What To Do if Your Teeth Are Knocked out
June 1, 2010
Chicago Blackhawks star Duncan Keith’s dental misfortune on the ice is an occupational hazard for hockey players, but teeth also can be lost in accidents, sports mishaps and falls that can happen to anyone. So what should you do when one or more of your teeth are suddenly knocked out?
The obvious advice is get to a dentist right away, but the type of injury suffered will influence how the damaged teeth can be treated, according to Joseph Orrico, DDS, president-elect of the American Academy of Implant Dentistry (AAID), www.aaid.com, who practices in Elmwood Park, Ill. and played semi-pro hockey.
“Sometimes teeth are completely knocked out -- roots and all, so in those cases place the tooth or teeth in a container of cold milk and get to a dentist within thirty minutes for a reinsertion procedure,” said Orrico. “There’s a short window of opportunity in which the remaining living tissue on the root surface can be kept alive. Milk has a neutral ph balance and is fortified with vitamins to make it an excellent fluid to help preserve teeth.” He stressed that time has the greatest influence on the success rate for replacing teeth this way.
In situations when teeth are broken above the gum line, a dentist could recommend performing a root canal procedure to save the tooth structure and restore with a crown. If a tooth is fractured below the gum line, it may be best to extract the fragment and insert a dental implant, a bridge or a removable dental prosthesis. Age is a factor determining treatment options, says Orrico, because bone loss in the jaw over the years could be significant for younger patients with bridges or removable unsecured prostheses, causing oral health and cosmetic problems later in life.
Implants function like natural teeth and preserve the integrity of the jawbone. Orrico has treated hockey players and other young athletes who have suffered severe mouth trauma and believes implants probably are the best long-term option for Keith, a player with many years left in his pro hockey career. “An implant-secured prosthesis can be removed by the team dentist before games and reinserted afterward. For a young man in his twenties, the dental implants will protect against progressive bone loss. This is a better option than wearing an unsecured prosthetic, like many pro hockey players do, which does nothing to preserve the jawbone,” Orrico advised.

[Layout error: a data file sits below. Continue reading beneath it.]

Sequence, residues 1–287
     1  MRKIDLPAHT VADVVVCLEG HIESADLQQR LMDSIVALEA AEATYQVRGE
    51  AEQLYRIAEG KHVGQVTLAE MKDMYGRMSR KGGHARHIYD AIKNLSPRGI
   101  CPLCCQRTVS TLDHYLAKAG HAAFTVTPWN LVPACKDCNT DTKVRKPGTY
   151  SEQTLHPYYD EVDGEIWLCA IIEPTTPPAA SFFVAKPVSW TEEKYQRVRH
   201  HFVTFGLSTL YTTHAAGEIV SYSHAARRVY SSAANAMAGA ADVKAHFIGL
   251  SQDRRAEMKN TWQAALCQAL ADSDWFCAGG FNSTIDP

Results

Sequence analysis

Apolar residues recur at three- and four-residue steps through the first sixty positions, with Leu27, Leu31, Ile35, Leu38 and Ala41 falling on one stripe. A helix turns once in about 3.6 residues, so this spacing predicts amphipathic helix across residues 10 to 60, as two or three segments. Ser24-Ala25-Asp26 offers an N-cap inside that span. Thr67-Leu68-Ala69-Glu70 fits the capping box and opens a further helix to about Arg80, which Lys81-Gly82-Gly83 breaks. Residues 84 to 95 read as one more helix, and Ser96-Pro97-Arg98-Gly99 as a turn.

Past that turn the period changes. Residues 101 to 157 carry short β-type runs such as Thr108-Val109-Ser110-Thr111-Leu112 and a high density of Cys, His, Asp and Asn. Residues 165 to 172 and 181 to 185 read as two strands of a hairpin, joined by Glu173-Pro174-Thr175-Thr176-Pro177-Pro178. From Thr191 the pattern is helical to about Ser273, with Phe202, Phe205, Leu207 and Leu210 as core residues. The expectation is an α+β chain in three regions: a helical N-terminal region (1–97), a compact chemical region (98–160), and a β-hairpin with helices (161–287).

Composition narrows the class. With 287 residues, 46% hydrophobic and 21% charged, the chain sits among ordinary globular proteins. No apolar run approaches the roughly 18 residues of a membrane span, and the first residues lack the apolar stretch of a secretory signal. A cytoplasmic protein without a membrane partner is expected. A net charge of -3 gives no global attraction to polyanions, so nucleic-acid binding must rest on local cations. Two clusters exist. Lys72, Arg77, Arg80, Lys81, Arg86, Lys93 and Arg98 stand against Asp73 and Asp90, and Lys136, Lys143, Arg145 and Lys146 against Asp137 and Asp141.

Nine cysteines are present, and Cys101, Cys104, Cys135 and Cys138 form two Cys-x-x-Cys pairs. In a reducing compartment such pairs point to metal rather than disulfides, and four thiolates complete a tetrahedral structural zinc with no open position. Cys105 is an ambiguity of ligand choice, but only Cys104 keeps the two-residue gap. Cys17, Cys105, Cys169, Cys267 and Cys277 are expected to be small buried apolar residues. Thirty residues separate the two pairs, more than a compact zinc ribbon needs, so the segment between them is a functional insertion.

About Dental Implants
Dental implants are artificial tooth roots inserted into the jaw to replace missing teeth. They are titanium screws a dentist inserts into the jawbone and affixes a prosthetic tooth or crown. Titanium implants over time fuse naturally with bone, a process known as osseointegration. Implant surgery can replace one or more teeth provided there is sufficient bone to support the implants. Today, implants with attached crowns are the preferred method for treating tooth loss because they function the same as natural teeth and help preserve the jaw structure by preventing atrophy from bone loss. Bridgework and dentures address the cosmetic problem of missing teeth but do not prevent bone loss. Permanent implants maintain proper chewing function and exert appropriate, natural forces on the jawbone to keep it functional and healthy.
Based in Chicago, AAID can help consumers find a local credentialed implant dentist at www.aaid.com or call (312) 335-1550. It is the first organization dedicated to maintaining the highest standards of implant dentistry by supporting research and education to advance comprehensive implant knowledge.
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